Wishing Well Wording


I am hosting a bridal shower for my sister and wanted to have a wishing well for people to contribute small inexpensive kitchen items. As I understand it, this small gift is in addition to the actual shower gift. I have never heard of a wishing well until I started researching showers and my guess is that there are going to be some people who may not know what I am talking about. My question is how do I word it in the invitation without making people feel that I am demanding two gifts from them? Thanks so much!

I don’t know where you have been performing your research but a wishing well, when displayed, is normally at the couple’s wedding, not the bride’s shower. And, regarding the wishing well, many people frown upon it at the wedding because it represents that a couple is more interested in collecting money, not gifts, from their guests.

If you insist on having it at your sister’s bridal shower, you do not include this information in the invitations. You would communicate it word of mouth. We never include any type of gift/registry information in invitations. But you are going to be hard pressed to explain why it is necessary to bring two gifts instead of one, and money at that.

While a bridal shower is in essence a gift giving party, you should not overburden your guests with the cost of purchasing more than one gift. Doing so is gratiutous and may reflect negatively to the shower attendees. I am sure you do not want that for your sister.

A word about wishing wells and registries. They do not obligate anyone to contribute money, or purchase a particular thing. Guests should always be free to ‘shower’ a bride, or bring a gift to the wedding, based on what the guest can afford and wishes for the bride/couple to have.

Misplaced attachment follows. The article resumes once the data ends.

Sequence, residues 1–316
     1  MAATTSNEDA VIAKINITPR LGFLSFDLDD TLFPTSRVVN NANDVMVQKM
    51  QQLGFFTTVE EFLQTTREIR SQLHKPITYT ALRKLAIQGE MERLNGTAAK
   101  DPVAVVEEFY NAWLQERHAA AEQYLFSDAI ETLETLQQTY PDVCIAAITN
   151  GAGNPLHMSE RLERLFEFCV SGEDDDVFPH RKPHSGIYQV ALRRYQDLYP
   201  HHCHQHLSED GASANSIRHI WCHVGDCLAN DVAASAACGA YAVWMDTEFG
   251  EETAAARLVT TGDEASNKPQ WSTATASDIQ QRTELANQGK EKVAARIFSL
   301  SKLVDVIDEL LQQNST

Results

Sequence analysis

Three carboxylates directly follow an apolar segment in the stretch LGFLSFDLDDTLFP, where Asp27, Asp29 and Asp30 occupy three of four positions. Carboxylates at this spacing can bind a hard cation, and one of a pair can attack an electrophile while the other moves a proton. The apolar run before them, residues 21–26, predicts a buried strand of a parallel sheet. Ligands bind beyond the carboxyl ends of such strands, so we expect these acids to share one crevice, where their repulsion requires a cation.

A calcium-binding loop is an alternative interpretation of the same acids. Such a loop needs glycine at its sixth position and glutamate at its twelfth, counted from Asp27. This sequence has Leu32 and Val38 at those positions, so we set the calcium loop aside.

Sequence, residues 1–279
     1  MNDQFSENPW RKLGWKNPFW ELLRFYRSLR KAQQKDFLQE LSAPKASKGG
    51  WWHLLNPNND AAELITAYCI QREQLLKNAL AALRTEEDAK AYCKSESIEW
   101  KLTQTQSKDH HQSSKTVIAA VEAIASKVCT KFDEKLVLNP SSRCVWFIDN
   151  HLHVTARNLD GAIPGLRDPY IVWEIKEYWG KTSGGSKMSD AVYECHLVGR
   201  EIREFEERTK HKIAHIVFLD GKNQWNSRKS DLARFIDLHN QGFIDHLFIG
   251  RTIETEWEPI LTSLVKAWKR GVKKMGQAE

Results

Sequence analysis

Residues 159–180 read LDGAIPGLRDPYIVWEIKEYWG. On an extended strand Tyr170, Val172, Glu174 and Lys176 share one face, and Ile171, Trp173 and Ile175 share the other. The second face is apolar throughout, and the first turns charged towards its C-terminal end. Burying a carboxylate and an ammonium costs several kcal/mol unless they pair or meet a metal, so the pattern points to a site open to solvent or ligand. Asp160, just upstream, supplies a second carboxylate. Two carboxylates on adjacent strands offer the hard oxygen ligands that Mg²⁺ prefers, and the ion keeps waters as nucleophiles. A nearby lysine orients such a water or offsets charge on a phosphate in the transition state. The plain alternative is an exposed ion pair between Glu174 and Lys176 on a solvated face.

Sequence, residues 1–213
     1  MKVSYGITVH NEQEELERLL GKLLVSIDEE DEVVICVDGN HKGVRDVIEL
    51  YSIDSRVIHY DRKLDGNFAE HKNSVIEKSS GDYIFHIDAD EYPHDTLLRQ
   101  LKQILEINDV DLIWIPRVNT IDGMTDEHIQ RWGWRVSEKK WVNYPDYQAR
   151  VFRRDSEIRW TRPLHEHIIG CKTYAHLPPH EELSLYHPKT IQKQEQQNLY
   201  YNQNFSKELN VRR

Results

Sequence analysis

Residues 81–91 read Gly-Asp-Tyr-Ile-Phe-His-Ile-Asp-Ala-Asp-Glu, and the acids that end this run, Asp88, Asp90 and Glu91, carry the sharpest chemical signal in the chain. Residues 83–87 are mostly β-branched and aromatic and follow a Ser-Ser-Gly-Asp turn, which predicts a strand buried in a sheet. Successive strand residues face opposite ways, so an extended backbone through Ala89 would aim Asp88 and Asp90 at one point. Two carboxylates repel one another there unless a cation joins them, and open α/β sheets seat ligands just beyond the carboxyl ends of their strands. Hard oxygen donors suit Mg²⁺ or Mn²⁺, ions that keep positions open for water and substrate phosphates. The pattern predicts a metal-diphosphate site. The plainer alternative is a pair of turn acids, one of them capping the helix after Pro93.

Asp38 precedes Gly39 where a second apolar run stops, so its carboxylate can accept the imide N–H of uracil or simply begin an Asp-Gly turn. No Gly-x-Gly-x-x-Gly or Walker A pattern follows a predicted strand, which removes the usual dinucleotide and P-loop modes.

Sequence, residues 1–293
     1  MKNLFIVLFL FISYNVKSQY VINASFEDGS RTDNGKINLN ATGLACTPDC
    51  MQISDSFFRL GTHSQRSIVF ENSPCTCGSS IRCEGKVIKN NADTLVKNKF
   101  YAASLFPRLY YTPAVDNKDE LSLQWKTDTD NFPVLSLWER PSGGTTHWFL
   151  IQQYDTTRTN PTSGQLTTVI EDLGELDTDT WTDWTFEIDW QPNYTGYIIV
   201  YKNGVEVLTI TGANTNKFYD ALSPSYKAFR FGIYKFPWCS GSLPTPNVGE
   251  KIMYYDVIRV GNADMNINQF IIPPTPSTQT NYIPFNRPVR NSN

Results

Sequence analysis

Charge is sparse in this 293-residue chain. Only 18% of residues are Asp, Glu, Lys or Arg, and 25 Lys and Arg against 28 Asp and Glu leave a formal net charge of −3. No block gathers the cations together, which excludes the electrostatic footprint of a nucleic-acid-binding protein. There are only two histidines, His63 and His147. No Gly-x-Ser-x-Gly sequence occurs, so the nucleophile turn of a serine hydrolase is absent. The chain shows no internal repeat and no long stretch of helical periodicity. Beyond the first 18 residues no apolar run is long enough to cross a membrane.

My recommendation – skip the wishing well, stick with decorations and fun invites

Actually some of my research has been done on this very site. Several of the wedding etiquette consultants spoke in favor of wishing wells at bridal showers that were for very small items for the kitchen, bathroom, etc. (not money). I just trying to figure out how to communicate this to guests. I am surprised about the advise you gave about not including gift registry information in the invitation all of the other sites I have been on have advised otherwise. But I definitely agree with your point about guest bringing gifts based on what they can afford or foregoing the gift and simply bringing their love and wellwishes.

Thanks so much for your advise and taking the time to answer.

Donna, Wedding Queen, President; Top Wedding Sites, Inc®, a wedding planning guide, and Recent Mother of the Groom –

Actually Rhonda, in many locations throughout the US, wishing wells at bridal showers are common. It is considered appropriate to include gift registry information for showers since they are a gift giving event. You can simply mention that a wishing well wil be provided and allow the guests to bring the items if they choose.

Rebecca Black, Etiquette By Rebecca

Including registry information in the shower invitation is relatively a new development. So, many people don’t know that it is now appropriate. And, in some areas it may not be view positively yet. But, it is fine to do so now.

As for the ‘wishing well’… I’m right there with Rhonda for most of her answer, as in my part of the good ‘Ol US of A’ we only know of wishing wells as a cash deposit and very tacky. In the past, they were seen at weddings and never at a shower. But, Donna is correct. Wishing wells used for collecting very small tokens for the home is common in some regions. I probably wouldn’t display it as some may think this is asking for money and I, personally, feel that this could put additional pressure on my guests.

If you want to include this, you could mention it on your invitation as a suggestion for the guests, such as: We will have a wishing well at the party if you would like to contribute a small household item such as measuring spoons, spatula, or … This way the guests know that this is more for fun than gathering tons of extra gifts. But, personally I would still skip it.

Donna, Wedding Queen, President; Top Wedding Sites, Inc®, a wedding planning guide, and Recent Mother of the Groom –

Thanks for that response, Rebecca. I am in the NY/NJ area and I have had knowledge of this tradition since I was old enough to attend showers (we won’t say how long that it though!) [;)]

Just making mention of there being a wishing well does not obligate the guest to bring something to deposit and no one will know if they brought something or not. Plus, it’s such a nominal expenditure, I doubt any guest would be annoyed by the wishing well, when used in this type of venue, and not for depositing cash.